One of the reasons that data centers are so vulnerable to ransomware attacks is the amount of data that remains accessible on production storage. The reality is that most of this data does not need to be there. Investing in and enforcing a data management policy can vastly limit an organization’s exposure to a ransomware attack.
Proactive Ransomware Protection
Unfortunately, most ransomware protection strategies are implemented after the fact. By design, these stratagems recover files previously compromised by malware. Data Management, the movement of files off production storage when not in use, is proactive. This moves files out of reach from the ransomware attack and, if the data management strategy includes the use of object storage, the chances of ransomware reaching the managed data is almost nonexistent. Even if the ransomware attack does manage to get to the object store, as long as IT keeps the object store at its default state of read-only storage, then ransomware cannot access or rewrite any of this data.
Under an aggressive data management strategy, as much as 85% to 90% of data should be eligible for archiving. While it is necessary to protect the remaining 10% to 15% of data, removal of the cold data will significantly reduce the area of exposure in the event of a ransomware attack.
Data Management Concerns
The typical concerns of an aggressive data management strategy are its possible impact on users, as the chances of them accessing data from the storage system increase. However, the mapping of this data from its original location to the new object store should be transparent to users. Additionally, object storage systems are disk based, which means rapid access and restoration of data, which also means almost no impact on user productivity.
Transparent access may expose that data to the ransomware attack but again, data on the object store is read only and can’t be rewritten by the ransomware. For ransomware to impact this stored data, that data would need to be recalled from the object store, stored on the primary system, read again, then rewritten and encrypted. This process slows down the ransomware attack and it is only encrypting a copy of data that is already secure. It is also possible to configure the system to allow only a certain amount of access per hour, again limiting the exposure but maintaining practical use for users.
The other course of action is to enable only manual recalls of data. While most customers leveraging this technique will not be as aggressive with their archive strategy, it does provide very secure protection from attack. Even with manual recalls, most organizations will still need to service less than a few recall requests per day. Again, since object storage is disk based, the time it takes IT to service the request will be minimal.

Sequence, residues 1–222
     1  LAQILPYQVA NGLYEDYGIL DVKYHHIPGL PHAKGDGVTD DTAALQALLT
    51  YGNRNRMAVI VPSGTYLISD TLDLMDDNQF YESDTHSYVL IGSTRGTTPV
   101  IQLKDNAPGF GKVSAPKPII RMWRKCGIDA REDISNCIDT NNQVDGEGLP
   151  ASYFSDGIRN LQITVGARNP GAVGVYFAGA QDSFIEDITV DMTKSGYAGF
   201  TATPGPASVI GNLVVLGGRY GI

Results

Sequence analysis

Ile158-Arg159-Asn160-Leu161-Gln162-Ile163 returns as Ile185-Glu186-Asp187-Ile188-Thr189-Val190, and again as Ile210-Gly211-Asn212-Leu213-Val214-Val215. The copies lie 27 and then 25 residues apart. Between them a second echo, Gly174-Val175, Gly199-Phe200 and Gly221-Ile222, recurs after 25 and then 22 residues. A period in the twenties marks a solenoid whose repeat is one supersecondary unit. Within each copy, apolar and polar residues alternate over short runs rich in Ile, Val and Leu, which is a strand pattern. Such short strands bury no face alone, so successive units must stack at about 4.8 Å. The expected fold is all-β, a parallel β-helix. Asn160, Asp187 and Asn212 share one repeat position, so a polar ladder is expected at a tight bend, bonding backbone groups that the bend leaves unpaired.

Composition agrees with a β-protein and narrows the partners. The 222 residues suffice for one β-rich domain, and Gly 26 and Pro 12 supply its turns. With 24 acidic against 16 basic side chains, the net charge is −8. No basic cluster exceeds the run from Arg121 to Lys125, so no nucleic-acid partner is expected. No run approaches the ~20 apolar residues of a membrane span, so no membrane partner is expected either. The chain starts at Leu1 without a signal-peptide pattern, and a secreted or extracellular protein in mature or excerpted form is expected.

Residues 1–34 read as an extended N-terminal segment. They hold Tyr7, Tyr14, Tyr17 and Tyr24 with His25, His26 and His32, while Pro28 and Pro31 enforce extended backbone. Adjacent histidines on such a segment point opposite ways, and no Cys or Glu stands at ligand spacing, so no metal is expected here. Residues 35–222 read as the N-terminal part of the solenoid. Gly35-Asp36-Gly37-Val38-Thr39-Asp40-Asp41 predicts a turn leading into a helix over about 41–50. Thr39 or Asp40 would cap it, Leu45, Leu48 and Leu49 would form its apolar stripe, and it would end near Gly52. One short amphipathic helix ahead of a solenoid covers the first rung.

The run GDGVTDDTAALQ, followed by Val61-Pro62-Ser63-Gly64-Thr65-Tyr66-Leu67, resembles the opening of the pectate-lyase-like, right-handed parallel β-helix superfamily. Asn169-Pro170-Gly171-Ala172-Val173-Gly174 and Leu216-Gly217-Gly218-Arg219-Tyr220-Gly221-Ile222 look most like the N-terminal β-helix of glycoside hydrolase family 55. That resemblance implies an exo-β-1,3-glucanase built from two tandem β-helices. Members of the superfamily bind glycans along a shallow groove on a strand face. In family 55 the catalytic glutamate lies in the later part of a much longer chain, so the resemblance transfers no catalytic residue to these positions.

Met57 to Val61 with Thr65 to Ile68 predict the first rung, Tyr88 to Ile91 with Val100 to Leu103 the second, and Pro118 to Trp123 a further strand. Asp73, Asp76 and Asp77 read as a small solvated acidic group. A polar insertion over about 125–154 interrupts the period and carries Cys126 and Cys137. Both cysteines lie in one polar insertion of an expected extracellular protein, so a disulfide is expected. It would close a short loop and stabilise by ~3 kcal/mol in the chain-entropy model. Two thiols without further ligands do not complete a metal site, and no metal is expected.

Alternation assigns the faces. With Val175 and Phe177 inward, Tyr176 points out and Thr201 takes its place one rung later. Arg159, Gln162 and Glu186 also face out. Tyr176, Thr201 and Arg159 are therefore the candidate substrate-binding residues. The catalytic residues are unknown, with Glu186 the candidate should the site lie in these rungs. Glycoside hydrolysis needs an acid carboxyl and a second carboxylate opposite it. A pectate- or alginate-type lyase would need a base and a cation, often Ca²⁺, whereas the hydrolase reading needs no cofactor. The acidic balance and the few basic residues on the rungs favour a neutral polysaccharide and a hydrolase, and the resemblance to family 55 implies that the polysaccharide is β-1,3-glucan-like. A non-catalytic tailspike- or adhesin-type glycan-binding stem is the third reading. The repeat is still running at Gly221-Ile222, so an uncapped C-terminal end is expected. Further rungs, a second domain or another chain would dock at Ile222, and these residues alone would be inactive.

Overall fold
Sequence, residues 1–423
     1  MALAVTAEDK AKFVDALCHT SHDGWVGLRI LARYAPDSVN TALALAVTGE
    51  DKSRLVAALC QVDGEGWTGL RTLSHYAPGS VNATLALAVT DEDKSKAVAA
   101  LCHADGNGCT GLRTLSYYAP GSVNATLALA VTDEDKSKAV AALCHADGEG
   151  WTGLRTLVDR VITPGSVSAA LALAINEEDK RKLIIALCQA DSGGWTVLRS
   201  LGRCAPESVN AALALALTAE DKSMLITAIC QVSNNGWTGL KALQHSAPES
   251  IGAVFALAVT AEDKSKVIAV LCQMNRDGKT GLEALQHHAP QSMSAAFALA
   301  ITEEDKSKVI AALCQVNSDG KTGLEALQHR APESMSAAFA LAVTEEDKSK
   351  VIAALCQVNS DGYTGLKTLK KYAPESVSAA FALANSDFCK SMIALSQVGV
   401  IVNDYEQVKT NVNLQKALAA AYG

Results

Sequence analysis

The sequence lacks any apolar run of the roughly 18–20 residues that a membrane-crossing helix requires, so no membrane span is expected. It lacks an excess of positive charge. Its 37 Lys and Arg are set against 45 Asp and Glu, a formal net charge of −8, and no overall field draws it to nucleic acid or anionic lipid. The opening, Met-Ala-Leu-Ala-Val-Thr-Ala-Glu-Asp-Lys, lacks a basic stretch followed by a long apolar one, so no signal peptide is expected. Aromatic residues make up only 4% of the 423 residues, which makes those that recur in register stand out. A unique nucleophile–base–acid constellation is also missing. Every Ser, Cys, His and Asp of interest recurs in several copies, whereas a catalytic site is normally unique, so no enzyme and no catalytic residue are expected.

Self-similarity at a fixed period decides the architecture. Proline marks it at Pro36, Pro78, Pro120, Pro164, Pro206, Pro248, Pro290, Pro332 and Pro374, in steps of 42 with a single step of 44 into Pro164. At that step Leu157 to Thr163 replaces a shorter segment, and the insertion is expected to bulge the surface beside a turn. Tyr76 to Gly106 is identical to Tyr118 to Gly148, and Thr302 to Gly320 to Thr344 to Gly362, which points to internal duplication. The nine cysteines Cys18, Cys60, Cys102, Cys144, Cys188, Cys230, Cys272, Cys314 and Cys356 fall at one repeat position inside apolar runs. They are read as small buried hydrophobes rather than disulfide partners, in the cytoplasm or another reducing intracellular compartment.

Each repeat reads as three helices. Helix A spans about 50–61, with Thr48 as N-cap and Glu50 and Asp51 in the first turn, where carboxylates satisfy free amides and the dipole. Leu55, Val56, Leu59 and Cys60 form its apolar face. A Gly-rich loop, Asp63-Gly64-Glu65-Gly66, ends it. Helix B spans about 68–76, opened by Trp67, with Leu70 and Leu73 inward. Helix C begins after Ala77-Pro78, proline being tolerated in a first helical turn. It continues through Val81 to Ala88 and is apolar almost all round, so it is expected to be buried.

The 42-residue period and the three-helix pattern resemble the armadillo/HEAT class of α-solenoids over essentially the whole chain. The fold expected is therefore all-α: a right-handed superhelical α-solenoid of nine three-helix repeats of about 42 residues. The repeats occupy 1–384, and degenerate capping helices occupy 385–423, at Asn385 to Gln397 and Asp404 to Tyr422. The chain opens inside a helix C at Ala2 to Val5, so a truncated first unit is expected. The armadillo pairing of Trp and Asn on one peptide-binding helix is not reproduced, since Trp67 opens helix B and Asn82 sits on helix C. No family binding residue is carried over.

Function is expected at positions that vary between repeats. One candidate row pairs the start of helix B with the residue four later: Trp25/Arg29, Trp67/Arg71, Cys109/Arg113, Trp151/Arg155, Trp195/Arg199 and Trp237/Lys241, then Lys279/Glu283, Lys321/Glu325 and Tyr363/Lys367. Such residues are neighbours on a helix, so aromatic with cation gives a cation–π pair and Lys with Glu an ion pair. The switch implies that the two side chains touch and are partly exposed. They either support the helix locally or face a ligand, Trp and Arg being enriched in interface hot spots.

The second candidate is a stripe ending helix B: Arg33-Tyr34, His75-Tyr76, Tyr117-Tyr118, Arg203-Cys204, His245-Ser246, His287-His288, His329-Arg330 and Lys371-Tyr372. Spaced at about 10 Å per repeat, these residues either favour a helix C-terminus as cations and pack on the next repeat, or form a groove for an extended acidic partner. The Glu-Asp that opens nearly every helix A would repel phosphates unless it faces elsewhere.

While ransomware may be the impetus for a data management strategy, the strategy itself has at least two additional benefits. First, and maybe most immediately apparent, it reduces the footprint of primary storage. If the IT planners follow the recommendation of an aggressive data management strategy, then they could potentially reduce the primary storage footprint by 90% or more.
Second, data protection becomes simpler. The right data management software will immediately copy all unstructured data, upon creation or modification, to the object store, almost eliminating the need to protect unstructured data. Then the data protection process can focus just on databases and structured data. Additionally, the backup process can use the object storage system as a storage area for those protected copies.
Ransomware is a serious threat and data centers need to be prepared. It is not a question of if, but when. Unlike a typical disaster that might happen, organizations can almost count on experiencing a ransomware attack sometime in the next year. Most protection strategies are reactive and after the fact. Protection via a data management strategy is proactive, securing data prior to attack, and it has the added benefit of reducing storage costs and simplifying protection.
To learn more about how object storage can help protect organizations from ransomware join Storage Switzerland and Cloudian for our live webinar “Three Reasons Why Object Storage is the Best Defense Against Ransomware Attack”.